This caddy is a long strip that lies across the wide end of your ironing board. It has pockets at both ends. One end holds the tools you like to have handy, and the other end has a small bag for collecting threads and scraps. The center of the strip is quilted and functions as a pin cushion. The underside has a piece that grips the ironing board cover underneath so the caddy doesn’t slide off of your board since one end will be heavier than the other when it’s filled with tools.



Cut two long strips 7″ X 27″ for the center of your caddy using your ruler and either a rotary cutter or your shears.

Cut two squares 7″ X 7″ for the tool pocket.

Cut four rectangles 7″ X 9″ for the thread and scrap catcher. If you have a directional print, the print should run horizontally across the 9″ width.

Cut 1 strip of fleece or batting 7″ X 27″

DSC_0372Cut one piece of gripper fabric 4 1/2″ wide X 14″. I used shelf liner I had left over.

Cut two pieces of medium weight fusible interfacing 7″ X 9″




For the sewing machine caddy

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The sewing machine caddy can be customized to fit your sewing machine. I made mine the width of my larger machine.  If you use my measurements, you’ll end up with a caddy that’s 16 1/2″ inches wide and 18 1/2″ long. It’s the 16 1/2″ width across the sewing machine you might want to change.  My pocket is 8″ deep. Collect up a few of the things you’d like to store in the pocket and measure them to see how deep you want your pocket to be.



Cut two pieces of fabric 18 1/2″ by your width. If you have a directional print, the 18 1/2″ is the vertical direction. My pieces were 16 1/2″ X 18 1/2″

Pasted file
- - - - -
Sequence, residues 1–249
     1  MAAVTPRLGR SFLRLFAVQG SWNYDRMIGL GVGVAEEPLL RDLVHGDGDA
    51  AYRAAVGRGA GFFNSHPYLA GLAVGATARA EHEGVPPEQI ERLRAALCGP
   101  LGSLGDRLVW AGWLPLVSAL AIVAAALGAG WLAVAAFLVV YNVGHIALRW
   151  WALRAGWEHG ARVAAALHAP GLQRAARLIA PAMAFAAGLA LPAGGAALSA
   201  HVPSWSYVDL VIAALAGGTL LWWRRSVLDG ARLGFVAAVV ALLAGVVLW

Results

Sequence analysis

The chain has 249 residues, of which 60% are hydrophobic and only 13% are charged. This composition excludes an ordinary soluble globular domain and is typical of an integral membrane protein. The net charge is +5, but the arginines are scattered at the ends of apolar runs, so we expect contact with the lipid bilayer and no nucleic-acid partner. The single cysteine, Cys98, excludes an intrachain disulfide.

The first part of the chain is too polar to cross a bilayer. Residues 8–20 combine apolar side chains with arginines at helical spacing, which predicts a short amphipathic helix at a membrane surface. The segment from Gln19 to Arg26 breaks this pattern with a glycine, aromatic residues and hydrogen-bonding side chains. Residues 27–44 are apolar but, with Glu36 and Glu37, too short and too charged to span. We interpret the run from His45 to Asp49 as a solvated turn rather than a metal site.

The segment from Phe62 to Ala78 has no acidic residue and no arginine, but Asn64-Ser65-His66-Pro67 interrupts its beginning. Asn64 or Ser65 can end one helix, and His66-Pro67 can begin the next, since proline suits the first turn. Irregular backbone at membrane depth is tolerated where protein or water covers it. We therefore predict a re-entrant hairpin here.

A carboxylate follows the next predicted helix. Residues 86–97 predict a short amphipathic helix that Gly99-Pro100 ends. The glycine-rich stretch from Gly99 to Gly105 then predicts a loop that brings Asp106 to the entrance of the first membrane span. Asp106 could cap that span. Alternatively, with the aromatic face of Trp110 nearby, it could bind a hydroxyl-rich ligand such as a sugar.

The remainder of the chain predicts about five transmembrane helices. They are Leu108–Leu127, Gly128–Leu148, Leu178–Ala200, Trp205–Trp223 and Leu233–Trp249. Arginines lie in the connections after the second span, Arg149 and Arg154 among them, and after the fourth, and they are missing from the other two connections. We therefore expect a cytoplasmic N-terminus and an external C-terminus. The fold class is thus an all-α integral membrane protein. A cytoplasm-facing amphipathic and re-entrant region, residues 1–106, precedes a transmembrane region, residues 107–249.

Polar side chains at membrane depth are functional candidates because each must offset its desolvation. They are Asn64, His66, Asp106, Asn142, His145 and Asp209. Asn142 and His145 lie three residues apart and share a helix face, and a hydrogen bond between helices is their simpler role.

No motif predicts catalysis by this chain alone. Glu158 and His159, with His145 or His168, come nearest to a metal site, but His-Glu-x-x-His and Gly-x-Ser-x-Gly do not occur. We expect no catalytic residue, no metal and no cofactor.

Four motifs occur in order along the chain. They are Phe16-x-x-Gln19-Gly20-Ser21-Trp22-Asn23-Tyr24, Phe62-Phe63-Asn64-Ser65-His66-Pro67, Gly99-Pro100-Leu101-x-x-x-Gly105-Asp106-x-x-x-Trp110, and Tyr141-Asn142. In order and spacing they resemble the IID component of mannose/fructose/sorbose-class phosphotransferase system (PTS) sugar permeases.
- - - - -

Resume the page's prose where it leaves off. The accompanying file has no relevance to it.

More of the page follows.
Cut one piece of fusible interfacing the same size.

Cut one piece of fabric two inches wider than the backing for your caddy and twice the depth of your pocket. It needs to be wider so you’ll have some width to pleat the big pockets. I cut my pocket 18 1/2″ X 16″.

Fuse one side of the caddy with the interfacing.



Lay the front and and back of the caddy on top of each other. Fold the pocket in half “hot dog”. (lengthwise)







Line one edge of the pocket up with a corner of the caddy. Using a round object or a compass, either draw a line and use scissors or use your rotary cutter to cut through the layers to round the corners.

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Repeat with the other bottom corner. Then round off the top two corners, and you’re done cutting!




Come back in a few days, and we’ll start sewing!



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Welcome to the Fabric Cobbler February SewAlong!

Welcome to the Fabric Cobbler February SewAlong!

PicMonkey sewalong

I’m Roberta Burkey from Taking It Up A Notch, and I’ll be your hostess this month.

I usually sew clothing for myself, my daughter, and my granddaughter with something for the boys thrown in every now and then. I recently bought a pocket organizer for the door of my sewing closet, and I like knowing where all of my sewing tools are. But it’s not close enough to my sewing machine or my ironing board to reach what I need. So I decided to make myself some pocket organizers for them.

The sewing machine organizer can be adjusted in size to match your machine. It’s pictured here with my traveling machine, but I made it the width of my bigger Janome. The ironing board organizer will accommodate most standard ironing boards. The sewing machine organizer is my own design, but the ironing board one was inspired by one designed by Moda fabrics, although I have modified it some. There are lots of ways to customize them for your needs, and I’ll include instructions for how to do that along the way.

So collect up your fabric and notions and meet me back here in a few days to get started. Any coordinating fabrics will do.

If you’d like to be eligible for prizes, 50% of your fabric must come from the Fabric Cobbler.

Their FB group-


2 yards of fabric (I used 1 yard each of two)
1 yard medium weight interfacing
1 7”x 27” piece of quilt batting or fleece
1 14” x 4” piece gripper fabric (I used shelf liner)
1 package double fold bias tape or fabric to make your own
marking tool
clear ruler
scissors or rotary cutter